ConnecTV’s Ian Aaron shared some engagement metrics from the second-screen app’s first couple months in the wild: 42% of users have liked something, 31% have invited people, 28% participated in polls, 37% have chatted and another 39% go back in the timeline to see something they missed.
Aaron says they’ve surpassed the 1 million check-in mark, and a TV promotion campaign (both in local markets and nationally) is poised to roll out soon.
TV Plus’ A.J. Shaw had an interesting pitch for his second-screen platform product. “The important thing to do is to learn and understand what types of engagement work for different content experiences,” he said, positioning TVPlus as “a platform to make it cheap and easy” for content creators to experiment quickly in the early-stage social TV industry.
Great advice, regardless of platform.
Nielsen’s Deirdre Bannon, VP of Media Analytics, underscored the prevalence of second-screen activity: 9 out of 10 smart phone or tablet users now use their devices while watching television.
“It’s really mobile that’s beginning to fundamentally change how people watch television,” she said, showing a slide (above) of what people are doing on their devices while watching. “There’s no doubt it’s just going to continue to grow.”
As we’ve reported before, Bannon said they’re working on new research with Twitter to evaluate the connection between social activity and TV ratings, as well as an effort to “get more at the causal relationship.”
Google Ventures’ Joe Kraus offered brutally honest feedback about the space: 70% of social TV start-ups will disappear or be acqui-hires (company acquired for the talent), 20% will “toil in obscurity” and 10% are “going to be breakout in some way,” he predicted.
He said there’s a saying in the investment community, “We radically overestimate what’s possible in short term, radically underestimate what’s possible in the long term.”
Or to put it another way, “Being early is the same as being wrong,” offering the advice to “stay lean” and incessantly experiment. Kraus said he sticks to two metrics in determining whether a startup will be successful: 1. growth in one-day active users (“addiction factor”) and 2. organic growth in new audience acquisition that naturally comes from using the product.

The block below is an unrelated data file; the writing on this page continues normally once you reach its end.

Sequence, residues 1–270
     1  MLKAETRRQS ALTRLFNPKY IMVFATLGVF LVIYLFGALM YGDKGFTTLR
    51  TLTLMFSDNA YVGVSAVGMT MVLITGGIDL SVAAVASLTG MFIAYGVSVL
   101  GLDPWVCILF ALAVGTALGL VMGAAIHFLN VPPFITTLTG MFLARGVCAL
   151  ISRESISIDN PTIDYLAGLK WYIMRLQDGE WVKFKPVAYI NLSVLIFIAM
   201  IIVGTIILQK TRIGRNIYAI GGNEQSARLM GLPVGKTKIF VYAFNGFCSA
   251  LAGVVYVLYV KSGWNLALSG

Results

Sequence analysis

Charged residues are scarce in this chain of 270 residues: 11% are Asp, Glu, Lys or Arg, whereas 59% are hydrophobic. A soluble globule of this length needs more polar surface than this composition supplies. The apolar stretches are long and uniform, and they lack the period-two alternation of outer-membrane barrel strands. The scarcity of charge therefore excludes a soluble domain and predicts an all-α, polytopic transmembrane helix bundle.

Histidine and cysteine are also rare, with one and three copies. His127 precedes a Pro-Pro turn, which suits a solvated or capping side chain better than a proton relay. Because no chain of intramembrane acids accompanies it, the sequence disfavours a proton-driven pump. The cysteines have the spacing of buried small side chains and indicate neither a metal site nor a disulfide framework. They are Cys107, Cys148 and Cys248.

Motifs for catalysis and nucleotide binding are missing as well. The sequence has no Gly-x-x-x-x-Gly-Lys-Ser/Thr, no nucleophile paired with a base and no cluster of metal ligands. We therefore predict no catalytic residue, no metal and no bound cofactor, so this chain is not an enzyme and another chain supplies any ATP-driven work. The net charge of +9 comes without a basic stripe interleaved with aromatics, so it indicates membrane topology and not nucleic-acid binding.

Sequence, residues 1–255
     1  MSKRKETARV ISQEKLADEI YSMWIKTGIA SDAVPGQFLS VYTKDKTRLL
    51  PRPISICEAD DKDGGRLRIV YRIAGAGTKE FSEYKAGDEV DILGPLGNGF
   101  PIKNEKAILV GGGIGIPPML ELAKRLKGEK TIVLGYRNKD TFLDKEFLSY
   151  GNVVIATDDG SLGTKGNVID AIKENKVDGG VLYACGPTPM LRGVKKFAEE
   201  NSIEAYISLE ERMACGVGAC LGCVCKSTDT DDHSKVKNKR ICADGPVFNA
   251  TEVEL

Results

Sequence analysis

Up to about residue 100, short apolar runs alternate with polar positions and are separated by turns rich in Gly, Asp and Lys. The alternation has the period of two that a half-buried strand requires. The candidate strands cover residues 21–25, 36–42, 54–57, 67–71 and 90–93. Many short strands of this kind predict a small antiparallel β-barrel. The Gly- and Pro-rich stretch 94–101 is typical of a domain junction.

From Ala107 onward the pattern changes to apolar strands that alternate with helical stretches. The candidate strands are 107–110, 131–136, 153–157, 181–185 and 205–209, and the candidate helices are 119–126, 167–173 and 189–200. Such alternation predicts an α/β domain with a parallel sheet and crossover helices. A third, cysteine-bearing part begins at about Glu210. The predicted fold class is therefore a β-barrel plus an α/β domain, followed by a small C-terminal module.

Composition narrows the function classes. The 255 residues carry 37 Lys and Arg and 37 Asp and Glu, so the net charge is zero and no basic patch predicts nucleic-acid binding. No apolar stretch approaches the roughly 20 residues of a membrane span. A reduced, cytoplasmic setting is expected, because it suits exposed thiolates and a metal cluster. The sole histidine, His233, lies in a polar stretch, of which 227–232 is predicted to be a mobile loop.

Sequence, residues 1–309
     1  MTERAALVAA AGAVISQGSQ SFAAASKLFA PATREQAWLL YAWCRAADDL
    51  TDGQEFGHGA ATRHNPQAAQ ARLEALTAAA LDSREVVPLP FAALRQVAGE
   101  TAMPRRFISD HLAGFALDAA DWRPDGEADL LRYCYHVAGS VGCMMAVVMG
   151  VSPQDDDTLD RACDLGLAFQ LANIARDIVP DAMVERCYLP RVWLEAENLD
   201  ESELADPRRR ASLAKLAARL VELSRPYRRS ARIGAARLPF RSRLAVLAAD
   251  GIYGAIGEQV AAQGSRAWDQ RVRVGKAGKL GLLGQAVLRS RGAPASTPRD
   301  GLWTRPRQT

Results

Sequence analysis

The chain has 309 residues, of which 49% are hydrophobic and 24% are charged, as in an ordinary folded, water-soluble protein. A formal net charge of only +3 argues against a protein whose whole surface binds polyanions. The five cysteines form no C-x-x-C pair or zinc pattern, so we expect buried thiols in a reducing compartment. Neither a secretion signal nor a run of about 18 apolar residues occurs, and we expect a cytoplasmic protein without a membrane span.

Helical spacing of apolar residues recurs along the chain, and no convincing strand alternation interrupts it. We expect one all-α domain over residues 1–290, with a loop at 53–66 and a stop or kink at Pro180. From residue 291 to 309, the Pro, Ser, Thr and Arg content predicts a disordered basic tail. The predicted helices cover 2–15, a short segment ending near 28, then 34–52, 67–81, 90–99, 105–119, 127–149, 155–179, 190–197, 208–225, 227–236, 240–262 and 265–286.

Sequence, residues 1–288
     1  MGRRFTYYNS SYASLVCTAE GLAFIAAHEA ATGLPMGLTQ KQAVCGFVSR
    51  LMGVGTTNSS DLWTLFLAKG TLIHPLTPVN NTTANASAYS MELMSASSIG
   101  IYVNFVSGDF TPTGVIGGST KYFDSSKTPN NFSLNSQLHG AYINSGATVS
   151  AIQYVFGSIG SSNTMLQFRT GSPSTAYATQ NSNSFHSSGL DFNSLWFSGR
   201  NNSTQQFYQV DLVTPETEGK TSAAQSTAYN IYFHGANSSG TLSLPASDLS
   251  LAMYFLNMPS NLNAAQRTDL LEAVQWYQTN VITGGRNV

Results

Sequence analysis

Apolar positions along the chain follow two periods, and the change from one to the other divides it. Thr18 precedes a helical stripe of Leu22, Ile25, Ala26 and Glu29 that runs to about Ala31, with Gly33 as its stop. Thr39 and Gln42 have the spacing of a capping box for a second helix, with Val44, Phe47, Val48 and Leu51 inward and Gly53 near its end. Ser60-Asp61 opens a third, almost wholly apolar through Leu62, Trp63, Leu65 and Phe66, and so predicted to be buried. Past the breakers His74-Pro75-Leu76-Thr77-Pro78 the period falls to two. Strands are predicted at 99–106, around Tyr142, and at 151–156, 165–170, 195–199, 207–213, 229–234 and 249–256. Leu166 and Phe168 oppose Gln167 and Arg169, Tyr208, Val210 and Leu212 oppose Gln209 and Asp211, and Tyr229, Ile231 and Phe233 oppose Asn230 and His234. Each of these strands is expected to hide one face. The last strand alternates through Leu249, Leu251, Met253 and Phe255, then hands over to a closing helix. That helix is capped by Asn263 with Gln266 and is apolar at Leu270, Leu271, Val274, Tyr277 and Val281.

By the way, Google Ventures is an investor in Miso, and Kraus explained how he liked Miso’s open platform approach to trying to solve for social TV.
Time Warner Investments’ Allison Goldberg — who has invested in GetGlue and Bluefin Labs — predicts we won’t see much consolidation in the social TV space — for now.
“Most of these companies are VC-backed,” she said. “More often than not, if you get to the end of that round, and you don’t have enough traction, you move on to the next thing.” (Click the photo to watch this panel.)
Comcast Ventures’ Louis Toth likened social TV startups to blind men touching different parts of the same elephant — they’re all trying to solve the same problem from a different perspective.
“I think we’ll see a coalescing, hopefully, over the next few years over one or two key experiences we can all get around and make money,” he said. He said he looks at three things when evaluating a social TV startup: content/experience, audience and defensible technology — and he says he has yet to find all three.
The hardest nut to crack, he said, is creating a “compelling experience onto itself” that goes beyond “Twitter feeds” in a second-screen app with compelling content and interaction. Until then, “I think we’ll have a tough time breaking out of the discussions we’ve been having up to this point.”
The next Social TV Summit will return to the Bel-Air Country Club in Los Angeles on July 19. Hopefully, we are invited this time, as speaker or as media partner.
We’d love to hear your ideas: How do you see the future of social tv?
Source: Social TV Summit